Warner Music Group (WMG) announced its first foray into play-to-earn and non-fungible token (NFT) gaming earlier this week, partnering with blockchain gaming giant Splinterlands.
The partnership’s goal is a hybrid business model that empowers WMG artists to create arcade-style play-to-earn, blockchain games. The hope is that these games, while simple, will give birth to additional income streams for those WMG artists.
Oana Ruxandra, the Chief Digital Officer of Business Development for WMG, said that we cannot underestimate how “massive the opportunity” surrounding play-to-earn gaming is and that these arcade-style games will serve both artists and fans, creating value for both sides.
The arcade-style games will attempt to simplify the complex dynamics in other blockchain games and therefore push for a wider audience.
Splinterlands is one of the top blockchain gaming studios. Its popular digital card collectible and battling game Splinterlands recently passed the 1 billion battle mark, and the game boasts an average of 450,000 daily active users.
Jesse Reich, Splinterlands co-founder and CEO, said that the company is “thrilled” to be working with WMG. They are also looking forward to “collaborations” at the intersection of gaming, music, crypto, DeFi, and NFTs.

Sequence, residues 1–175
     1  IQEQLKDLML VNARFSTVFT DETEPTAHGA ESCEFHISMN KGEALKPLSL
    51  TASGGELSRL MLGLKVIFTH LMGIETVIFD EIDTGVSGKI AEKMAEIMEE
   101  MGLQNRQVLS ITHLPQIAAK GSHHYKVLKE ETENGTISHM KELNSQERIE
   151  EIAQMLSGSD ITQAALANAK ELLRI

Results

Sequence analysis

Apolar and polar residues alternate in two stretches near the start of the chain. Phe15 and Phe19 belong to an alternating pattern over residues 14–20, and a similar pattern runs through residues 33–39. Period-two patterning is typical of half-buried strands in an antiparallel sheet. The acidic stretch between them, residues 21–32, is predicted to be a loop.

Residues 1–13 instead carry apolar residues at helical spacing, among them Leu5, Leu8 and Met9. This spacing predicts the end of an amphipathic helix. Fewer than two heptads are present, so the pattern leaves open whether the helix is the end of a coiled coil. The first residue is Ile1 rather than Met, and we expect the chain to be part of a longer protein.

Splinterlands Partnership Not WMG’s First Dive into Web 3.0
While the Splinterlands deal is WMG’s first jump into play-to-earn gaming, the media giant has not been shy about its Web 3.0 ambitions, partnering with The Sandbox, OneOf, and Genies to provide more revenue opportunities to its artists.
For instance, with the OneOf partnership, WMG sought to create exclusive NFTs for its catalog of artists. To generate hype, it auctioned off an unreleased track of Whitney Houston. It sold for $1 million on the Tezos blockchain, the highest-priced auction on that network.
WMG has also been one of the boldest recording labels in its Web 3.0 vision. As it has been innovating with partnerships and touching on just about every corner of Web 3.0, other record labels have been standing on the fence, waiting to see if this is a genuinely new industry or just a fad.
However, the reception to its partnership with Splinterlands may be a little colder than its other ventures. Play-to-earn and NFT gaming are unpopular with gamers, who believe that neither adds to the gameplay experience and could result in a genre of game called “play to win.”
Time will tell how WMG’s efforts will materialize, but it will be interesting to watch.